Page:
Caroline Linden's Lady Spy Tells Her Story
Historical romance author Caroline Linden's latest heroine, Angelique Martand, was born a French heiress so how did she become an English spy? Now, in her own words, Angelique shares her story. And after this special message, don't miss the excerpt from Linden's You Only Love Once.
I never meant to be a spy.
It is, after all, a brutal and disreputable profession for a woman, and it would horrify my parents to know what I have become. They did everything in their power to have me smuggled out of France as an infant, just days before they lost their heads to the guillotine in the dark days of the Terror. I do not remember either of them, but I have never forgotten that they were killed for no reason other than the demands of an angry mob. If they would not be proud of me, I hope nonetheless that they would understand why I chose this path.
It began simply enough. As a young woman I found work as a seamstress. It was not what the daughter of the once-wealthy and powerful Comte d'Orvelon might have expected, but I had lost all that. I did well at it, but more for my ability to listen well, and my talent with languages, than for my skill with a needle. In those days London was still home to many Russian diplomats, even though the alliance between Britain and Russia had begun to shift. A man approached me one day, and asked questions. What did the Russian ladies talk of during their dress fittings, he wanted to know. Were they ever indiscreet about their diplomatic husbands' business? He told me Britain would not be taken unawares by a revolution from within, as France was, and he offered to pay me well for my help.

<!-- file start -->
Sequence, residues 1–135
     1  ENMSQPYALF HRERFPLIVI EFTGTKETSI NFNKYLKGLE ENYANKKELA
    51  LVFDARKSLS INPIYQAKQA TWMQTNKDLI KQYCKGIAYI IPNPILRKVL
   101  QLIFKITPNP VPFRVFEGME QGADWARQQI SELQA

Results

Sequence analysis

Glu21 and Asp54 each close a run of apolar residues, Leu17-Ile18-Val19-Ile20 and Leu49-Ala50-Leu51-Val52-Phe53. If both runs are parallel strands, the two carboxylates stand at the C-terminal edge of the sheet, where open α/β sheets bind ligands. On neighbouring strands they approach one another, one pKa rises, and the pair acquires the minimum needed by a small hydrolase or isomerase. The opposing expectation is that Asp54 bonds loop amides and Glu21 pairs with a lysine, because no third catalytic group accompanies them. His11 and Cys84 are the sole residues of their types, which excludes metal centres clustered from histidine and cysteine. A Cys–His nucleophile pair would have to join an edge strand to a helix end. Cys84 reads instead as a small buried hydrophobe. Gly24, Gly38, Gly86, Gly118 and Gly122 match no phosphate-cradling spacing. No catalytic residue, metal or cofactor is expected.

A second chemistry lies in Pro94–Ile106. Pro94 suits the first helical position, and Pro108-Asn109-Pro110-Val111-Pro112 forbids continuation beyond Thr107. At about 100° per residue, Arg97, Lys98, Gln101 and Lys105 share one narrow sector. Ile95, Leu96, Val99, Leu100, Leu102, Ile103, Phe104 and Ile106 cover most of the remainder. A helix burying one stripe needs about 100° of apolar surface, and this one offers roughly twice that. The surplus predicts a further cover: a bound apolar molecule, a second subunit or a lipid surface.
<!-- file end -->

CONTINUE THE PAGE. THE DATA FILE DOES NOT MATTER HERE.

Yes, I did it for the money...partly.
Over time my involvement grew. I learned to disguise myself as anything: a chimney sweep, a courtesan, a private nurse, a society lady. I learned accents from the whole of England, as well as enough Spanish and Welsh to get along. I could become anyone, then disappear without a trace. I listened to men plot all manner of insurrection and mayhem, the overthrow of all authority and order. I watched them plan the deaths of innocent people and government ministers alike, and then I watched them disappear into prison on my testimony. I slept well knowing I had prevented the kind of lawlessness that murdered my parents.
Assassination came later. I did not leap to it; I was but twenty-two years old. But they told me the man in question was preparing to lead a mob of French sympathizers through London, burning and looting in retribution for Napoleon's imprisonment. He must be stopped, finally and absolutely. I agreed to cut his throat, reluctantly, and have detested it ever since.
To my superiors, unfortunately, my new talent became a terrible tool. Once I had proved myself able and willing, they grew reckless. I did not realize this for some time, and it haunts me still.
But now it is all behind me. My last assignment proved the worst I had ever been given, and yet it offered me salvation. Nate Avery, whom I was ordered to work with and then betray, was not the arrogant amateur I thought him. Not only did he see me as I really was—as I had almost forgotten I longed to be—but he loved me even after he knew the full truth of what I had been and what I had done. He makes me laugh. He melts my heart. I would risk anything, including my own life, for him, and he has done the same for me. There is not another man like him in all the world. And in our life to come, I shall know he is ever beside me, ever trusting and loving me, as I shall be for him.